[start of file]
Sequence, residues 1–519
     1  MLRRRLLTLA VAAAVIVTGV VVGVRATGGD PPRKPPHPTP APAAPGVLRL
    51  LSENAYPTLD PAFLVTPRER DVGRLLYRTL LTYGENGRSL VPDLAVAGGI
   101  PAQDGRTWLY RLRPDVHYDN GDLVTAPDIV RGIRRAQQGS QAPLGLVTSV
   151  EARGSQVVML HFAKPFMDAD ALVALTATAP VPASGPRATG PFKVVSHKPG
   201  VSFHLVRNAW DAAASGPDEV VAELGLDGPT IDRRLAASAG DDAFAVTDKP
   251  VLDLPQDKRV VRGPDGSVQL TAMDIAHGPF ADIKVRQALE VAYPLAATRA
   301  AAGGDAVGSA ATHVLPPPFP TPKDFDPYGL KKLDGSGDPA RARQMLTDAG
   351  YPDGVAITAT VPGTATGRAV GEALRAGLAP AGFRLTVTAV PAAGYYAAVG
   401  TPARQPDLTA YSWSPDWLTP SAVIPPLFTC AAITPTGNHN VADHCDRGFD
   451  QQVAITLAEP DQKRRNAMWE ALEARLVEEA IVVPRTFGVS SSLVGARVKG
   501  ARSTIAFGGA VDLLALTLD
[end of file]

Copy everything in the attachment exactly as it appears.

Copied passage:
Sequence, residues 1–519
     1  MLRRRLLTLA VAAAVIVTGV VVGVRATGGD PPRKPPHPTP APAAPGVLRL
    51  LSENAYPTLD PAFLVTPRER DVGRLLYRTL LTYGENGRSL VPDLAVAGGI
   101  PAQDGRTWLY RLRPDVHYDN GDLVTAPDIV RGIRRAQQGS QAPLGLVTSV
   151  EARGSQVVML HFAKPFMDAD ALVALTATAP VPASGPRATG PFKVVSHKPG
   201  VSFHLVRNAW DAAASGPDEV VAELGLDGPT IDRRLAASAG DDAFAVTDKP
   251  VLDLPQDKRV VRGPDGSVQL TAMDIAHGPF ADIKVRQALE VAYPLAATRA
   301  AAGGDAVGSA ATHVLPPPFP TPKDFDPYGL KKLDGSGDPA RARQMLTDAG
   351  YPDGVAITAT VPGTATGRAV GEALRAGLAP AGFRLTVTAV PAAGYYAAVG
   401  TPARQPDLTA YSWSPDWLTP SAVIPPLFTC AAITPTGNHN VADHCDRGFD
   451  QQVAITLAEP DQKRRNAMWE ALEARLVEEA IVVPRTFGVS SSLVGARVKG
   501  ARSTIAFGGA VDLLALTLD